My first Scottish Chamber Orchestra concert, following the rather disappointing opening concert at Greyfriars Kirk, saw a welcome return to the Queen's Hall and, more importantly, to form. (It should be noted that two concerts have in fact taken place in the meantime, but one was a Cl@six concert at St Cuthberts, and my thoughts on those are well recorded, and the other was last Saturday, when I was enjoying what culture London had to offer, it also hailed from the more offbeat Adventurer new music series.)
The orchestra were joined by Norwegian conductor Eivind Aadland who began the programme with late Haydn in the form of the 102nd symphony, a lovely work, if not quite one of my favourites (the military and clock, 100 and 101 respectively, if you're interested). Initially things weren't too promising. The orchestra was a not quite tight enough during the slow introduction and his conducting seemed a little flouncing in manner. However, things improved greatly as the pace picked up. Unfortunately, Aadland didn't quite seem to know what to do with his pauses. A well held pause should have you on the edge of your seat, desperate for more; it isn't just an opportunity to down tools for a couple of beats. The start gave me pause for concern about the adagio. Fortunately this was unnecessary, though he did take it fairly briskly. What stood out, as ever, was the exceptional solo work of principal cellist David Watkin. The menuet was less successful. Aadland seemed to approach it more like a Beethoven scherzo, i.e. in a manner altogether too heavy. And unlike with Jochum, it did not become the key to the work. The finale was fine, but again the pauses were not well used. As Guildenstern notes in Tom Stoppard's superb play "There is an art to the building up of suspense"; Mackerras understands this art, as do many others, Aadland did not display it.
Fortunately, much better was to come as the stage hands moved things around to make way for Truls Mork, whose excellent performance last season of Hallgrimsson's cello concerto was a real highlight. This time round he showed his dexterity by moving from the very modern to the early classical and the second cello concerto of CPE Bach. (It is interesting to note that those in Glasgow and Ayr get the first while we share the second with St Andrews, the reason for this isn't explained but I can only think, and hope, that it is due to them also being recorded.) The forces are slightly unusual, being just string orchestra and harpsichord, no wind or brass in sight; unfortunately Gerald Larner's programme note provides no elucidation on this point, not even mentioning it.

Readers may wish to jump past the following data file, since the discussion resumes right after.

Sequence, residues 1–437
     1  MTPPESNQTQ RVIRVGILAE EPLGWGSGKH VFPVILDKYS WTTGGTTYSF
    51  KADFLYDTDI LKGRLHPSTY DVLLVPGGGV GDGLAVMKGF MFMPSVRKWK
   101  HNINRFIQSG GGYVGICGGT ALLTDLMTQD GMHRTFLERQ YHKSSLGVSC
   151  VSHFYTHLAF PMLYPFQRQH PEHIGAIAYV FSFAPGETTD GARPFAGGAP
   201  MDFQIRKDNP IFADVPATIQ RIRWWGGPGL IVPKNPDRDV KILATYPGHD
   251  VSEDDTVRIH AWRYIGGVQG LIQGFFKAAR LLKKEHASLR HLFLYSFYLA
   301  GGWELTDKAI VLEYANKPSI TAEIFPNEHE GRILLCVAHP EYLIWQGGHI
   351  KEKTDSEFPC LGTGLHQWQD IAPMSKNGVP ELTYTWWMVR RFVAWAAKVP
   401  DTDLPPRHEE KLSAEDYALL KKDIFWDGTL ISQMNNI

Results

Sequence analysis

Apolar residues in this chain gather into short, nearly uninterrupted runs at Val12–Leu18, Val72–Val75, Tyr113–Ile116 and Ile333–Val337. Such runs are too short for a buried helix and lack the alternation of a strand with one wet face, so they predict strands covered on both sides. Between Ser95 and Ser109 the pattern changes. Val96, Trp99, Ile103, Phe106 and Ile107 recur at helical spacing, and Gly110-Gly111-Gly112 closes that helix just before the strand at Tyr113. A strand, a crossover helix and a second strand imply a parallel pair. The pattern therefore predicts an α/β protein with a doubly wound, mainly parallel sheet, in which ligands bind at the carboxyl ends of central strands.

From the moment Mork steps onto the stage and tunes his instrument (a rare Domenico Montagnana, with a lovely deep red hue) to his insistence on shaking hands with fellow cellist Su-a Lee and David Watkin at the end, he has an understated presence, which is mirrored in his beautiful playing. The richness of the tone he produces is also quite something. The orchestra playing, under Aadland's baton, was much sharper than for the Haydn, and Alastair Ross was excellent on the harpsichord. Indeed, it seemed a shame we couldn't have had both cello concertos instead of the Haydn. It is to be hoped the SCO engage Mork again next season, perhaps for some Dvorak under Charles Mackerras - that would be something. And maybe he could also be persuaded to take part in one of the chamber concerts?
Returning from the interval, I was again concerned: the Haydn had been a mixed bag, would Beethoven's first symphony suffer similar problems? It did not. More specifically it suffered none of them (or next to none, the sole exception being one or two pauses that added nothing, but this was not detrimental as it was in the Haydn). I think any conductor bringing Beethoven to the SCO taking a risk. After all, for many, myself not least, the memory of Charles Mackerras's cycle still resonates and is a very special one. This problem haunted many who brought Beethoven last year, in particular Thierry Fischer and especially Andreas Spering. Not so Aadland, and not so tonight. True, his first didn't have quite the humour or the thrilling pace of Mackerras, neither did it have the weight of the world that someone like Colin Davis brings with an orchestra like the Dresden Staatskapelle, but it did seem to delight in the music in a lovely way. The playing was tight and there were plenty of surprises; and Beethoven should do nothing if not surprise. The winds were on fine form and added nice textures. It was a reading full of drama and excitement. The proto-scherzo that is the menuetto worked in exactly the way the Haydn menuet didn't (and for the same reasons). Indeed, the quality of the orchestral playing in both the Beethoven and the Bach led me to wonder whether the Haydn might have been under-rehearsed.
One final note, a frequent complaint against conductors last year, e.g. Louis Langree, was the excess volume in the Queen's Hall. This prompted me to relocate this year from the stalls to the gallery, which also affords a better view of the whole orchestra. Whether it was that, Aadland's good judgement or the fairly small SCO on display tonight, or some combination of the three, remains to be seen, but there were no such problems tonight; long may that continue.
All in all, an excellent evening and a proper start to the season. And things can only get better since our next encounter, albeit relocated to Glasgow, features Mackerras and the Beethoven fourth piano concerto. I can't wait.
Post a Comment